Ref Volumes: 1386-1421 Author: C.R. Notes
The apparent longevity of this Member (who did not enter Parliament until the age of 69, and last served as sheriff when he was 78) is certainly remarkable. The possibility that we are dealing with two men of the same name, one of whom was born in 1335/6 and was the father or elder kinsman of the MP who died in 1420, cannot be entirely dismissed; but any such evidence remains wanting. We are told that by 1413 Parles had ‘become blind and too aged’ to exercise his duties as verderer of Whittlewood (CCR, 1413-19, p. 12), an item of information which naturally casts doubt on his ability to undertake the far more demanding role of sheriff.
1. Although named in the return to the Parliament of 1406 as a Member for Northamptonshire, Parles was evidently replaced either during or after the second session by John Cope (OR, i. 269). 2. C138/53/107; C139/102/23; CP25(1)178/86/28; Mon. Brasses ed. Mill Stephenson, 5; CIPM, xi. no. 173; xiv. no. 213; VCH Beds. iii. 283; CP, xii (1), 630-2. 3. PRO, List ‘Escheators’, 98; ‘Sheriffs’, 92; CIPM, xi. no. 173; CFR, vii. 172; J. Bridges, Northants. i. 172, 609, 628; CP25(1)178/86/28; Feudal Aids, vi. 493; Lincs. AO, Reg. Flemyng XVI, f. 209v. 4. CCR, 1369-74, p. 312; VCH Beds. iii. 283; CP, xii (1), 630-2; Northants. RO, Knightley ch. 107; Rot. Gasc. et Franc. ed. Carte, ii. 132; C67/30 m. 12. 5. C1/11/40; CP25(1)178/88/26, 91/50-51; CAD, iv. A8302; CPR, 1396-9, p. 338; CCR, 1377-81; p. 485; 1413-19, p. 370; 1419-22, p. 43; Add. Chs. 21797, 22409; Northants. RO, Knightley chs. 116, 120. 6. PPC, i. 160; ii. 88; RP, iii. 573, 633; CCR, 1405-9, pp. 188-9; CCR, 1413-19, p. 12. 7. C138/53/107; C139/102/23-24, 146/15; JUST 1/1524 rot. 37; CPR, 1416-22, p. 308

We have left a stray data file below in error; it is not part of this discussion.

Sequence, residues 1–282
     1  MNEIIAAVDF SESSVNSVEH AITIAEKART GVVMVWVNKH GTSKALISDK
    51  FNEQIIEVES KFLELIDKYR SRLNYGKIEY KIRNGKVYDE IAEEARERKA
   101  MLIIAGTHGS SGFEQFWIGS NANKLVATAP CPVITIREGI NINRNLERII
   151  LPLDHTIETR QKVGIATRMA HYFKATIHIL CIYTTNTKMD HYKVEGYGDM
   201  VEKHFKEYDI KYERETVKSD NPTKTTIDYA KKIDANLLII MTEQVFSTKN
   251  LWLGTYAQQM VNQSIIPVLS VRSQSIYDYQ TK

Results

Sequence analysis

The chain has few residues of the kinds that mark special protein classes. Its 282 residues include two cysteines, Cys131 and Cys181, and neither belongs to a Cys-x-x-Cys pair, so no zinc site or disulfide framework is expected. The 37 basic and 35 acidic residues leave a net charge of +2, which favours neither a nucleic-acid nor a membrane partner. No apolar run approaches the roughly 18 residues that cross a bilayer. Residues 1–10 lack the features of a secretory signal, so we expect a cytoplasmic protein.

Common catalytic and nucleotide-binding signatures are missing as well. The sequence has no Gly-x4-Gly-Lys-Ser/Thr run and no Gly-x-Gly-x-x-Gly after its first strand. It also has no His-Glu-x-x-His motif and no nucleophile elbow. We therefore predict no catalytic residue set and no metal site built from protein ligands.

Ralph Parles, Esq. (1335/6-1420), of Shutlanger (in Stoke Bruerne), Northamptonshire, which individual was Knight of the Shire for Northamptonshire in 1404 and 1406, as well as Sheriff of Northamptonshire in 1388–1389, 1403, 1408–1409, 1412–1413.
"His first marriage, to Joan, [sic: KATHERINE], the daughter of John Talbot of Richard's Castle and granddaughter of 1st Lord Grey of Ruthin, shows, even so, that he was not without influence among the upper ranks of land-owning society." (1)
- from PARLES, Ralph (1335/6-1420), of Watford and Byfield, Northants. history of parliament online:
b.1335/6, s. and h. of Walter Parles† (d.1361) of Watford and Byfield. m. prob. (1) Joan, da. of John Talbot (1317-55) of Richard’s Castle, Herefs. by Juliana, da. of Roger, 1st Lord Grey of Ruthin, 1 da.; prob. (2) by Jan.1381, Elizabeth, at least 2s. (1 d.v.p.).2
From Doug Richardson:
In 1364 John Harewedon sold nine messuages, two mills, eleven virgates of land, etc. in Stoke Bruerne, Shutlanger (in Stoke Bruerne), Shaw (in Stoke Bruerne), and Alderton, Northamptonshire to Ralph and his wife, Katherine, and the heirs of Ralph for 200 marks of silver.